Favorite classic game: Quake – Quake may be the most influential game of all time. Not the best game, not the most innovative, but the most influential. Nothing beats a god old fashion First Person Shooter.

Favorite modern game: MMORPG – My gaming preference roles have changed. Today I am a big fan of EVE Online – Age of Conan and The Secret World.

What are you playing now? I am currently playing Diablo 3 and looking to level up my toon to 60 so I can start my paragon levels. I am looking forward to the incoming patch that will give you the opportunity to group up to 8 players which will make it much more interesting.

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Name: Daniel Ovalle

Gaming background: I’ve built my own computers since I was 18 and was immersed into hardcore gaming while working at Alienware.

Favorite classic game: Quake

Favorite modern game: Too many to name.

What are you playing now? World of Warcraft, Mass Effect, SWTOR, Civ5, Guild Wars 2, Diablo3

counter-strike

Name: Jorge Percival

Gaming background: First ever encounter with gaming was an Atari 2600 that my parents had, though I was very young they tell me I wouldn’t let go of it. After that I can happily say I owned most consoles to date mostly for exclusive tittles. The fall of 1993 was when I really began paying attention to PC games when my uncle purchased DOOM for his PC, I was completely hooked on that game. Consoles introduced me to gaming the PC has kept me here.

Favorite classic game: My favorite classic game will always be Counter strike (pre source days) this was my real introduction to competitive gaming and the first game I truly took serious. I followed all the pro’s and tournaments I would fully engulf myself in the scene and what was going on during those days. Quake comes a close second.

Favorite modern game: My favorite modern game……….. would definitely have to be League of Legends, this game shows how great gameplay is still at the heart of a good game. We all love graphics but the game needs to have good mechanics and gameplay to continue to grow past its release. I am also a huge fan of RIOT as a developer they do great job of interacting with their community and are supporting the e-sports push here in the states.

What are you playing now? Right now I have lowered the amount of games that I play at a time (mostly due to League of Legends lol). League of Legends, Torchlight II, Borderlands 2. Those would be my top 3 in that order.

Quake 2 - Rocket Arena 2

Name: Tony Berry AKA Miztic1

Gaming background: Started gaming on C64/Atari 800XL then moved to the NES and all other consoles where I got hooked on gaming and once I got my first PC I discovered Wolfenstein 3D then eventually Doom and Quake 1 and those sent me over the edge of the gaming abyss.

Favorite classic game: Tossup between Quake 2: Rocket Arena 2 and Ultima Online. Consoles would be Legend of Zelda on NES.

Favorite modern game: This is a tough one, I would have to say WoW

What are you playing now? WoW, Diablo 3, torchlight and league of legends.

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Name: Alvaro Masis in game (Propane)

Gaming background: Have been playing games since Lode Runner and have played on multiple platforms favorite PC by far

Favorite classic game: Favorite classic game would be destruction derby for the Commodore 64

Favorite modern game: Eve Online

What are you playing now? Guild Wars 2, Eve Online, Torch Light 2

Nintendo Power: Reaction to the end of the long running magazine

Reports that Nintendo Power magazine was shutting down popped up like popcorn a week ago, bringing both old school and modern Nintendo fans to reminiscence about the long-running publication.

Nintendo Power Magazine

The first issue of Nintendo Power appeared in the summer of 1988, featuring a miscolored clay model for the upcoming Super Mario Bros. 2 on the cover. The magazine ran every other month for a while, eventually becoming a monthly publication and the best source for news on upcoming titles for the then-dominant Nintendo Entertainment System.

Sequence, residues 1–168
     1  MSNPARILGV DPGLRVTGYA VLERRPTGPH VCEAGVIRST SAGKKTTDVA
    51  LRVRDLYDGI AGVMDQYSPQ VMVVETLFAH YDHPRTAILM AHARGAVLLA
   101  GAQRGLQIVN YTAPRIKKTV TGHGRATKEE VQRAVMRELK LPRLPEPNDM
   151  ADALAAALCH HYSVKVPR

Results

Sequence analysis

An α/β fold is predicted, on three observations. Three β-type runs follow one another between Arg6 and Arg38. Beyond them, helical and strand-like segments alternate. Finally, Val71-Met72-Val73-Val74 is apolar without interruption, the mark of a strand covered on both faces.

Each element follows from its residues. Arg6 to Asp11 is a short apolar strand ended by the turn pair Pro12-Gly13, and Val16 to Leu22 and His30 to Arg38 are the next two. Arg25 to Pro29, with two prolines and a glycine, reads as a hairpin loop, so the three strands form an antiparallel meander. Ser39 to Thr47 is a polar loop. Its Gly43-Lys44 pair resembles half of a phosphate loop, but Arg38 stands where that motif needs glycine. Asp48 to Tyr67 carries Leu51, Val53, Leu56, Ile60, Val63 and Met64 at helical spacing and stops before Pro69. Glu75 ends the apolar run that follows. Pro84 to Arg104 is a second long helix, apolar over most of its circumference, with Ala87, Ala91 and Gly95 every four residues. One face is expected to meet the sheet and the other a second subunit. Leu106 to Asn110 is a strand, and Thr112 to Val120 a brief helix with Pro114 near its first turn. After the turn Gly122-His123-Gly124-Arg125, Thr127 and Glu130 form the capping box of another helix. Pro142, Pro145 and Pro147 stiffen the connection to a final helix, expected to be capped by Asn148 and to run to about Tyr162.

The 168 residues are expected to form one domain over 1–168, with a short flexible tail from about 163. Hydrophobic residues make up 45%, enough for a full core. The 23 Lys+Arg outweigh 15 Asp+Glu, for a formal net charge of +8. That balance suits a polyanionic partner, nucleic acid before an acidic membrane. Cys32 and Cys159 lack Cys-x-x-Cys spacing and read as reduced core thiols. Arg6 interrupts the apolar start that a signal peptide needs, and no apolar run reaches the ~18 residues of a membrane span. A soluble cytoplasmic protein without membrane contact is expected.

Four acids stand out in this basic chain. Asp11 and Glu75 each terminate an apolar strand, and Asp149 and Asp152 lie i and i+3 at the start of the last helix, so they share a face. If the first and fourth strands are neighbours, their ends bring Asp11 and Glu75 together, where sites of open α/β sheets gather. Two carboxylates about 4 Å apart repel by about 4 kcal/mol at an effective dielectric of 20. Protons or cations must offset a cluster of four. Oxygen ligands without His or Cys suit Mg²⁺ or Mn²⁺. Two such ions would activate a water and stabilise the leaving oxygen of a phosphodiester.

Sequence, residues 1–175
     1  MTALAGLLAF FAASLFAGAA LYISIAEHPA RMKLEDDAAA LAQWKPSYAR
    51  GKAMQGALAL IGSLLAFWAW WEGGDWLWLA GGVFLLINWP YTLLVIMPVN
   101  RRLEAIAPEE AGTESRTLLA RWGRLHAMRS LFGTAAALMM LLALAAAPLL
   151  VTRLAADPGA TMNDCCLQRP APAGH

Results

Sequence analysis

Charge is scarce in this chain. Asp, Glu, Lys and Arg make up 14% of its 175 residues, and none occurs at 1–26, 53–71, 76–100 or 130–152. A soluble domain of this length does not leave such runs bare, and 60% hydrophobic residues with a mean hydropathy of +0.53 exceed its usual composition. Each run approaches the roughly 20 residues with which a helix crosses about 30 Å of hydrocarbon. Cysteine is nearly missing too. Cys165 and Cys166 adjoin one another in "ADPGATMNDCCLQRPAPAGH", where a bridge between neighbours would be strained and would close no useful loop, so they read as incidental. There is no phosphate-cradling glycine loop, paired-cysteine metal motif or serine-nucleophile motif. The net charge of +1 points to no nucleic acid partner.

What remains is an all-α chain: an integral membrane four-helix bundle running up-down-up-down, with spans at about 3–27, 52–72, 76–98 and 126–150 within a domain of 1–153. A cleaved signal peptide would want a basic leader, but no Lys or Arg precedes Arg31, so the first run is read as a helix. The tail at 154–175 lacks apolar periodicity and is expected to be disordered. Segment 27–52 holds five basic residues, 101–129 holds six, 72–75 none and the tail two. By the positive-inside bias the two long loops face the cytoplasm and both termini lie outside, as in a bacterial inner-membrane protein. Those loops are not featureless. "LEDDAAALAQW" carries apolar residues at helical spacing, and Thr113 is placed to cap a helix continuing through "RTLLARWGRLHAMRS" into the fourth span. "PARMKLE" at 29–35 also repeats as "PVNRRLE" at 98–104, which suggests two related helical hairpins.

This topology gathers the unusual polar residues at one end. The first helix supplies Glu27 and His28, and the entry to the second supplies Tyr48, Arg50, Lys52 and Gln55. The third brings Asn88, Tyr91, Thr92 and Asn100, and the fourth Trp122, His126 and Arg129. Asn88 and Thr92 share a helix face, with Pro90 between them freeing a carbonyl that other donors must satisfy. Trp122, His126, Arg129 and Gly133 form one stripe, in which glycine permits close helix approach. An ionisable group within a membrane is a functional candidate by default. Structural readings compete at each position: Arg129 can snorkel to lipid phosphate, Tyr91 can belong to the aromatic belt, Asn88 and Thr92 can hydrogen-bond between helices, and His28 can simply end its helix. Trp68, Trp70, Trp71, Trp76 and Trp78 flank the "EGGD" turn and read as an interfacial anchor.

The full-color publication contained a variety of game previews, a section where gamers could request help on their toughest game challenges, tips, tricks and detailed maps for just about every release, contests, game rankings and even a high score chart where the world could race to be the first to max-out the high scores on NES titles.

Nester - Nintendo Power Magazine

I remember these days very fondly. I can still remember reading through that first issue three or four times that first night alone. Back in these days we didn’t have the internet to give us instant news nor were the other video game magazines on the market particularly timely. Nintendo Powerwas a literal treasure trove for a Nintendo-obsessed youngster such as myself, and I miss the feeling of anticipation of each new issue. I couldn’t wait to read the newest previews, try the latest tricks and tips and even to see if Howard ever gave Nester a little respect.

I subscribed to the magazine for the entire first four years and continued to check it out on newsstands ever since. Even though Nintendo no longer held direct control of the magazine in recent years, Nintendo Power still held true to it’s roots and still felt ‘right’.

Nintendo Power Magazine

“The passing of an era,” said New Jersey television producer Dave Bullis. “I remember reading it since childhood. It’s not just the passing of Nintendo Power, but the end of physical print and the closing of a childhood memory. The best memory I have is the Goldeneye issue. It made me really excited for the game.”

Another longtime fan learned of the news just hours after renewing her subscription.

Nintendo Power had a huge impact on my interest in gaming,” said Seattle gaming vet Elizabeth ‘Ebo’ Hanning. “I have roughly a few hundred issues of the magazine dating back to some of the early copies. The best part of Nintendo Power was that the helpline was a local number, so I could call without my parents getting angry.”

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Some reports state the publication may be done outright while others state that Nintendo Power may continue as an online-only publication. Either way it is the end of an era, especially for us long-time fans.